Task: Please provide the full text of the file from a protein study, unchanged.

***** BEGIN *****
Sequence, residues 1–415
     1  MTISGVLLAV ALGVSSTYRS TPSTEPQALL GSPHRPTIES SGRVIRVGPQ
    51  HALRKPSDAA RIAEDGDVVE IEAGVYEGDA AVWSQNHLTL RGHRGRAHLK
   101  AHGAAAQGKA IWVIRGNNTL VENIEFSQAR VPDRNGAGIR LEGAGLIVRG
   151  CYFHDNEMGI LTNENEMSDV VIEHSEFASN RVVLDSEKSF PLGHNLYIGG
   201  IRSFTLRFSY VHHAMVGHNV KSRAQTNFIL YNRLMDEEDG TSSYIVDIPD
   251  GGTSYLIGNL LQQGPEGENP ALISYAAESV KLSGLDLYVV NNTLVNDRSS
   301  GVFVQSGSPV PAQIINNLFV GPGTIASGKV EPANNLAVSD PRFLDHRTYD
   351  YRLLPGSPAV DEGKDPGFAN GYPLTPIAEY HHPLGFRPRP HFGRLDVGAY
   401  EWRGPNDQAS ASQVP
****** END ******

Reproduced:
Sequence, residues 1–415
     1  MTISGVLLAV ALGVSSTYRS TPSTEPQALL GSPHRPTIES SGRVIRVGPQ
    51  HALRKPSDAA RIAEDGDVVE IEAGVYEGDA AVWSQNHLTL RGHRGRAHLK
   101  AHGAAAQGKA IWVIRGNNTL VENIEFSQAR VPDRNGAGIR LEGAGLIVRG
   151  CYFHDNEMGI LTNENEMSDV VIEHSEFASN RVVLDSEKSF PLGHNLYIGG
   201  IRSFTLRFSY VHHAMVGHNV KSRAQTNFIL YNRLMDEEDG TSSYIVDIPD
   251  GGTSYLIGNL LQQGPEGENP ALISYAAESV KLSGLDLYVV NNTLVNDRSS
   301  GVFVQSGSPV PAQIINNLFV GPGTIASGKV EPANNLAVSD PRFLDHRTYD
   351  YRLLPGSPAV DEGKDPGFAN GYPLTPIAEY HHPLGFRPRP HFGRLDVGAY
   401  EWRGPNDQAS ASQVP